A lot has already been written about Joe Mauer after his emotional final-game farewell at the end of this past season. Heck, I myself was even chiming in, describing how Mauer was my last tangible link to Metrodome baseball. After his recent announcement, letter, and press conference put the final amen to his career, however, I found myself again thinking of the memories I had watching Mauer do his thing.
By the time Joe Mauer debuted at the major league level in 2004, I was already a well-established Twins fan. As such, like many others here and otherwise, I had the good fortune of watching his career from beginning to end. It’s a little astonishing for me to think that just two months after his debut, I was graduating high school. Talk about “baseball marking the times” (nods to James Earl Jones). Here are what I consider to be my top five memories from those 15 seasons...
-How the ball absolutely jumped off his bat those early seasons. I had never seen a hitter, at such a young age, consistently barrel up the baseball quite like he could. Whether ground ball, line drive, or fly ball, I distinctly remember how hard he seemed to hit the horsehide sphere with such a seemingly effortless swing.
-The good-natured (or sometimes not) arguments between myself and my brother over who was better: Mauer or Morneau. He was a die-hard Mornie guy (“those home runs and RBI!”), I was Camp Mauer (“that batting average and on-base percentage!”), and we’d go round-and-round. It’s sometimes easy to forget just how good that pairing was from 2006-2009. Essentially, we were both the winners of the argument!
-His concussion experience teaching me how severe (yet silent, in terms of outright observability) those injuries can be to a player. With that one ball fouled off his catcher’s mask, he went from a perennial .320+ hitter to a .260 one in an instant. I’m not proud of this, but I soured a bit on Mauer during the 2014-2016 seasons. Not realizing that concussion symptoms were still bothering him (and he was never one to talk about such things in the public forum), I questioned his work ethic and drive for the game. Big mistake, of course, as the 2017 season really re-invigorated my respect for him, having then finally realized the extent of the symptoms he had been suffering from.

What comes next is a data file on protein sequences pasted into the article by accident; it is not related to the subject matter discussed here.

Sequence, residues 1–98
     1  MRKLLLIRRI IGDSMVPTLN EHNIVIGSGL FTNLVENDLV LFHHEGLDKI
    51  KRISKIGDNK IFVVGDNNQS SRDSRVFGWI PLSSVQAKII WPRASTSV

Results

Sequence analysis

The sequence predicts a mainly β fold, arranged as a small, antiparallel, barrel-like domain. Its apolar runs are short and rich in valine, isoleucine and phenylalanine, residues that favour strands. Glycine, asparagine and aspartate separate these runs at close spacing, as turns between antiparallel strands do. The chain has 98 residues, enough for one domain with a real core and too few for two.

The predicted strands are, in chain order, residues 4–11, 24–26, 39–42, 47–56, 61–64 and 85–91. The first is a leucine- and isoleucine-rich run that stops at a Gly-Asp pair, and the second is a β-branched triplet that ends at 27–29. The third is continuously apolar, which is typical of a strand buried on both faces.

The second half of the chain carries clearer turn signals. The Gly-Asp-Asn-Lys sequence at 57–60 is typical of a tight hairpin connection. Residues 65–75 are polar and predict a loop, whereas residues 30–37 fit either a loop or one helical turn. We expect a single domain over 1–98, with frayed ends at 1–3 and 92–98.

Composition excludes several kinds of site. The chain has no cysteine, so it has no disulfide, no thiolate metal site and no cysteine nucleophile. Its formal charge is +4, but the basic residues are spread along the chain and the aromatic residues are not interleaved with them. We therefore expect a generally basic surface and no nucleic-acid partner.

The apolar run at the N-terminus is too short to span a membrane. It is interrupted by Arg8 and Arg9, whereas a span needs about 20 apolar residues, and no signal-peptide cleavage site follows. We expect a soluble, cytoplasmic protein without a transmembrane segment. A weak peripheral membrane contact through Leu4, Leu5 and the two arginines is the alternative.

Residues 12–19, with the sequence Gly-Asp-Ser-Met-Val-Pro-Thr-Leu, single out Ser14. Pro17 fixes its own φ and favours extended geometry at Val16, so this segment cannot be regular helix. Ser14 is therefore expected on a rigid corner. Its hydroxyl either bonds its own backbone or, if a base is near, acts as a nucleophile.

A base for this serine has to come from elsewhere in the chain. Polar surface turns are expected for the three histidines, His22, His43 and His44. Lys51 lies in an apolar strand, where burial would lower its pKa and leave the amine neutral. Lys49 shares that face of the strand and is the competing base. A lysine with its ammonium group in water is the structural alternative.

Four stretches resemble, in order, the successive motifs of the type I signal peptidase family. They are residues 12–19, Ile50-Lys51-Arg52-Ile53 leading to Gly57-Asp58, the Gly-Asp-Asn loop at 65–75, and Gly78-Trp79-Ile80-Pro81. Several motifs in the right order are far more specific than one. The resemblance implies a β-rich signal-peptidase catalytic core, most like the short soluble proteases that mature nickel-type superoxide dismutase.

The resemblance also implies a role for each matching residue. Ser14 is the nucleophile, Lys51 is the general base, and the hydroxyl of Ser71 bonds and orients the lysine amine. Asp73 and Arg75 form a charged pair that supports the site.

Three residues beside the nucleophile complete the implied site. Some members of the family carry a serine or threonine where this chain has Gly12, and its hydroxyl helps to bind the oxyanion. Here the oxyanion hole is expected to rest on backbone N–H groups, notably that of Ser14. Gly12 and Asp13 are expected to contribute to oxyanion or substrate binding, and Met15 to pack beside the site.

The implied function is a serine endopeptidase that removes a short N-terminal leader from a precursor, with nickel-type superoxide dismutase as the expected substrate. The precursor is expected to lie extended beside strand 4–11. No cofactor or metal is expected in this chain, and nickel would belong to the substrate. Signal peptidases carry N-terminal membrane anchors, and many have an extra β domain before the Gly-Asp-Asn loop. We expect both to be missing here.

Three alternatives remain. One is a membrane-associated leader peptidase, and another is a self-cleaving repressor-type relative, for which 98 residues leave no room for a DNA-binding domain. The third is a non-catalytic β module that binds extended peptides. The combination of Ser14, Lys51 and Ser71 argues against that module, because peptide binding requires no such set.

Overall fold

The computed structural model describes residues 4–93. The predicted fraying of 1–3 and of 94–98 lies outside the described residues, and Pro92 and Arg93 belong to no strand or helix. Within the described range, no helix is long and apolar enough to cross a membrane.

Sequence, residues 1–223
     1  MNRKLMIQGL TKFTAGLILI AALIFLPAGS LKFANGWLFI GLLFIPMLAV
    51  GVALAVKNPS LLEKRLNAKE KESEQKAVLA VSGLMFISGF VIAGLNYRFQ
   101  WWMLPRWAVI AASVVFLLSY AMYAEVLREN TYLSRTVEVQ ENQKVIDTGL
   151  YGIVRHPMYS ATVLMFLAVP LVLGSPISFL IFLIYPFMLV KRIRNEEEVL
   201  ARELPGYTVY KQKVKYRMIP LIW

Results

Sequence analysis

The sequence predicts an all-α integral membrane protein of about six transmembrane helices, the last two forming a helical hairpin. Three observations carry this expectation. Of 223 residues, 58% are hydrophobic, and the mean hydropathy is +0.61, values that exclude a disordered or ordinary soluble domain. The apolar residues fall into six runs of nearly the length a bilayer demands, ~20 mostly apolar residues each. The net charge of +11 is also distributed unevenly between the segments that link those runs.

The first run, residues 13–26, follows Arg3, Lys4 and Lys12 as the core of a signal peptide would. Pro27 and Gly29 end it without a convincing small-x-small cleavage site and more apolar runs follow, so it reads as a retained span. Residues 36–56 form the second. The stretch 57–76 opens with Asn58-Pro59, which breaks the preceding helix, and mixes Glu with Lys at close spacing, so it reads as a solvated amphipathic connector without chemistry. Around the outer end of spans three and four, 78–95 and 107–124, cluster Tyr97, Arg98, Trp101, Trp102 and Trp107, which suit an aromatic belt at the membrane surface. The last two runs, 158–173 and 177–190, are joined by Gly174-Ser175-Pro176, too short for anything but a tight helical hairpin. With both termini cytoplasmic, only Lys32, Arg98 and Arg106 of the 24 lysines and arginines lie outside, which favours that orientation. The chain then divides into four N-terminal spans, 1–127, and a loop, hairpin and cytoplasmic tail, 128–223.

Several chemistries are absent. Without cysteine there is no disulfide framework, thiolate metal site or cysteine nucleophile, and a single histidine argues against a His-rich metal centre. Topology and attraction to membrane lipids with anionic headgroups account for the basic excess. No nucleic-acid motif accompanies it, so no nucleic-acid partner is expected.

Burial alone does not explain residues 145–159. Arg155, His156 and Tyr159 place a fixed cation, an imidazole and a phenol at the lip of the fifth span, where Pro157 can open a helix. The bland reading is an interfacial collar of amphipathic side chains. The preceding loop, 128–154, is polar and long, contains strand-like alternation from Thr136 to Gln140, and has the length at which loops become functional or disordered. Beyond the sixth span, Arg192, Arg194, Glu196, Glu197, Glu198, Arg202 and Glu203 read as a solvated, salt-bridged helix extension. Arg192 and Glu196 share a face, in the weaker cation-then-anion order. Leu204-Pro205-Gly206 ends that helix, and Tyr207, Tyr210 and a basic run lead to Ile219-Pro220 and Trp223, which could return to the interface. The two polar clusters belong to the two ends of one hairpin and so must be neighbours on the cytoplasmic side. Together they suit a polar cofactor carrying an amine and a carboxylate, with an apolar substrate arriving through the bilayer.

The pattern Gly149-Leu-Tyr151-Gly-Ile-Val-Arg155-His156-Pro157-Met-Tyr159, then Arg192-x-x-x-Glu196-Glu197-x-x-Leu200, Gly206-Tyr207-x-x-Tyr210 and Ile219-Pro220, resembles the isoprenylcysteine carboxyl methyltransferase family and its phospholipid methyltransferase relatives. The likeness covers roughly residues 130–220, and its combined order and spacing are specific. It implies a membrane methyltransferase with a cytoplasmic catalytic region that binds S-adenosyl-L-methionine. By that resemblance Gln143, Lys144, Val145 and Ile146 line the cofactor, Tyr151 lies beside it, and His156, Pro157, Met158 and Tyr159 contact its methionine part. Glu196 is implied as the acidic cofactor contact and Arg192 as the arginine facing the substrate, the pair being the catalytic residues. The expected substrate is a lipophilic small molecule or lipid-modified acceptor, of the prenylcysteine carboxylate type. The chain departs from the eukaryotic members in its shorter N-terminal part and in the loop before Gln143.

-Giving Joe a standing ovation (along with the rest of the Target Field crowd, paltry as it may have been on a chilly early-season Thursday night) after watching him record hit number 2000. That was just the start of Mauer’s assault on the all-time Twins record books, as seemingly every week he’d pass another legendary player from this franchise’s past.
-There was only one time in his career that Joe Mauer ended a game with a home run...and I was there for it! I’ll never forget the circumstances leading up to this moment, as I was at the game with my sister and actively discouraged her from picking Joe in the Pick 3 app game. Yikes. Like I said, this was roughly the time when I was in my “what happened to Mauer?!” phase. The above blast (two outs, two strikes), as well as the entirety of the exciting ‘17 campaign, changed all of that and really ushered in my “Mauer Renaissance”.
It’ll be strange to not see Joe in the lineup come Opening Day ‘19, and the absence of T.I. at the ballpark will be conspicuous. But as long as he’s happy and healthy in the near future when the ceremony commences unveiling #7 along with 3, 6, 14, 29, 34, 28, 10, & 42, I’ll have a smile on my face and cheer in my heart for him.